This copy is for your personal, non-commercial use only.
During the 1999 war in Kosovo it was aggravating as hell to watch as innocent civilians suffered, all the while knowing that a well-armed and well-equipped NATO military force was sitting across the border in Macedonia doing nothing to stop what was described as ethnic cleansing. The only fighting seen by NATO troops was from the air, thousands of feet above the battleground.
In Macedonia during the year 2001 there was another war observed by NATO troops. Unlike Kosovo, NATO troops in Macedonia actually shared the same turf as the combatants. NATO, of course, was not involved in the fighting. Ethnic Albanians, citizens of the Republic of Macedonia, and their various allies were fighting the Macedonian military, ostensibly for increased rights within the existing government. However, it was very difficult, if not impossible, to find anyone who believed the war in Macedonia was anything other than another war of separation and eventual independence.
As was done in Kosovo, NATO troops established well protected bases in Macedonia and the modern weaponry of a super-powered military alliance was on display on the roads traveled by NATO vehicles. The military bases were secure and the NATO vehicles usually observed heading away from the fighting. And, just like Kosovo, NATO did nothing to stop the fighting except express words of peace as Albanian rebels did the killing and cleansing on the ground.
It was a tragedy for Macedonia.
The multi-ethnic republic, created after the break-up of Yugoslavia, did its best to avoid war. American troops have been allowed to maintain a base near the capital city Skopje, and they have been there since the beginning of the wars fought in Croatia and Bosnia. During the war in Kosovo the Macedonian government permitted NATO aircraft to use the airport at Petrovac; the skies above Macedonia were saturated with warplanes headed for Kosovo and Serbia. Tens of thousands of Albanian escaped the war in Kosovo by crossing into Macedonia. And, although there were a few initial difficulties, the hard-pressed Macedonian government did their best to provide relief to the refugees. A poor nation, Macedonia was further impoverished by offering aid to the victims of war.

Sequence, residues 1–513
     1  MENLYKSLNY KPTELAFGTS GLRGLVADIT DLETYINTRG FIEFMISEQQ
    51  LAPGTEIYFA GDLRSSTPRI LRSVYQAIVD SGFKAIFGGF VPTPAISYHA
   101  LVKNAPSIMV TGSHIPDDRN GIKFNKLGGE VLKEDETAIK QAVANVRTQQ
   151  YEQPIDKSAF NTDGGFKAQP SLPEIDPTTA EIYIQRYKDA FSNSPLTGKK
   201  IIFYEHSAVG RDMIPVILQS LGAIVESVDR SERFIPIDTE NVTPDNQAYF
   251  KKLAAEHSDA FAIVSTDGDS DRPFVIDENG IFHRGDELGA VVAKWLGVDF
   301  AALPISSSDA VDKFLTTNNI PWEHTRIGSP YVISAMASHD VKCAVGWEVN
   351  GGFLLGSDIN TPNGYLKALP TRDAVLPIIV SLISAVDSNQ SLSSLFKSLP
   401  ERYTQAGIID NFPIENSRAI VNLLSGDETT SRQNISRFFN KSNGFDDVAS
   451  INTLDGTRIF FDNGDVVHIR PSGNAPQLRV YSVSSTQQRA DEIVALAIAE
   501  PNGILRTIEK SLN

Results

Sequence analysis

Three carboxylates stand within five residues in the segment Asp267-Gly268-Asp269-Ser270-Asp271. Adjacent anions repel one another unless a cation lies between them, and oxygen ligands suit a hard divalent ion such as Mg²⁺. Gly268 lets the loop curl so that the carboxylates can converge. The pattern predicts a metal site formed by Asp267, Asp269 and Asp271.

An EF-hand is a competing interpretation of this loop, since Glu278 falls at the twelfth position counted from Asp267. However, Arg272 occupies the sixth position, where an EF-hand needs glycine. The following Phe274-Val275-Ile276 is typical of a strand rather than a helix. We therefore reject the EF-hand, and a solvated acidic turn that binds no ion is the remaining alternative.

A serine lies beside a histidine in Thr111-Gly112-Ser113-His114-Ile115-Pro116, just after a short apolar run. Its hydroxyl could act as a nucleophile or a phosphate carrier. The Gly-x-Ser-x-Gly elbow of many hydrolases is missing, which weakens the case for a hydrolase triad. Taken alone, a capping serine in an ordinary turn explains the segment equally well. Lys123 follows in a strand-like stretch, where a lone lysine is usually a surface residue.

It was farcical, I thought, for NATO to strut around Macedonia, acting out the role of peacekeeper as the country fell victim to a rebel force comprised, in part, of the same ethnic Albanians who once used Macedonia as a refuge, not a battlefield. And it was aggravating as hell to watch as well-armed and well-equipped NATO troops, riding in the most advanced military vehicles, got caught in traffic, stuck in between automobiles filled with civilians fleeing the fighting in Tetovo. They were all, civilians and soldiers, headed east away from the danger.
* * *
The highway from Skopje to Tetovo was littered with the skeletons of vehicles; hulking masses of burned metal and rubber that were once busses, trucks and automobiles. The debris was all that remained from a battle between the Macedonian military and ethnic Albanian rebels. The road was opened the next day, but most of the traffic headed east, away from the danger in Tetovo. Albanian rebels surrounded Tetovo, and all of the roads leading to the city were hazardous to travel. The rebels, who claimed they only wanted increased rights within the Macedonian society, were creating ‘facts on the ground’ which were at odds with their stated political goals.
The once bustling city of Tetovo was a ghost town. When the guns began firing, only a few people were willing to scamper from building to building. The crack of sniper bullets echoing through the emptiness, and the whistling sound of artillery shells passing overhead before impacting on Albanian rebel positions were a reminder that, although peace negotiations were taking place in Ohrid, war was a daily event in Tetovo.